For things like in automotive, wherein you really have to tightly control it, and in something where robots can actually help you, can achieve very tight tolerances; I think that’s where the investments make sense. Where you actually need to produce something at very high speed, and really run operations 24/7 minimizing the downtime and changeover time, that’s where robotics can get you more out of your machine and your line. That’s where Industry 4.0 makes sense. And everybody is actually looking at it, including low-cost-labor countries because there are some lines or some products where that makes sense.
Las Marias: What challenges and opportunities do you see for your company in the upcoming year?
Dr. Sabido: I think the most obvious is really executing our roadmap for Industry 4.0. That is something that’s very important. The other one is something that the industry as a whole is facing, and it’s not only for EMS companies, but every company in general: talent. At the last SEIPI show, I gave a talk on the strategies and the challenges that companies are facing right now. And my basis was the 2016 Deloitte study on global manufacturing competitiveness. They interviewed more than 500 senior executives of manufacturing companies—they do it every three years—and the number one challenge for the past six years has been talent: getting skilled people and hiring great engineers. In spite of talking about automation and the need for other advanced manufacturing technologies, they really need great people. And that’s what can make or break a company. Not only in the Philippines, but globally; the manufacturing industry is experiencing the same thing.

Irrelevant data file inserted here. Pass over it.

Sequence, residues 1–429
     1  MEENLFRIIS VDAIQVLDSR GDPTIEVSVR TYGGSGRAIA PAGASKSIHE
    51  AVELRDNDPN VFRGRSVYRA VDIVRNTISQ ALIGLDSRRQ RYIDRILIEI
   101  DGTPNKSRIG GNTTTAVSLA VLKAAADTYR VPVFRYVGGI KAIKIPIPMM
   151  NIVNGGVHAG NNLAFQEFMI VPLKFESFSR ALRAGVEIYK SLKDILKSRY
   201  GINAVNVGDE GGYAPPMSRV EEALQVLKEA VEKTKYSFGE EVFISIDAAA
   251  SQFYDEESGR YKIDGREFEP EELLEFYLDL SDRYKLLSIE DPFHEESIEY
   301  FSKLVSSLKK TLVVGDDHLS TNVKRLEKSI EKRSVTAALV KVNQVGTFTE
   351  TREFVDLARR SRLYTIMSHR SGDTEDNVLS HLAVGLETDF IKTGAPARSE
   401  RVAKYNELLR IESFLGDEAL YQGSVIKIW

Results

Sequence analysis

The number one pain point and challenge will always be people. Where to get good people, how to get good people, because it’s a very fierce competition right now globally for good talent. The Philippines has been experiencing that, other ASEAN countries, outside ASEAN as well, and even China and North America and Europe: it’s retaining talent, acquiring them, training them, and really growing them. You really have to take care of your people, to make sure that they continue to be motivated and excited with the work that they do.
The second one is circling back to what I mentioned: advances in manufacturing technologies are really there for the picking, and therefore execution and implementation become a challenge. They are not cheap, so it really requires good business justification for it to be created, where it can really be impactful, in your line. It doesn’t have to be end-to-end, but where it makes sense, applying the technology where it makes sense and where it can really justify the business.
Those are the two greatest challenges. The third is really competition. For an EMS company, how would you differentiate yourself from others is really a big thing, and usually it has always been about cost, proximity, and relationship. And it may have worked in the past—and of course it still continues to be a traditional business—but now, we cannot be complacent, and we have to be able to differentiate ourselves and continue to really grow our business.
To read this entire article, which appeared in the September 2016 issue of SMT Magazine, click here.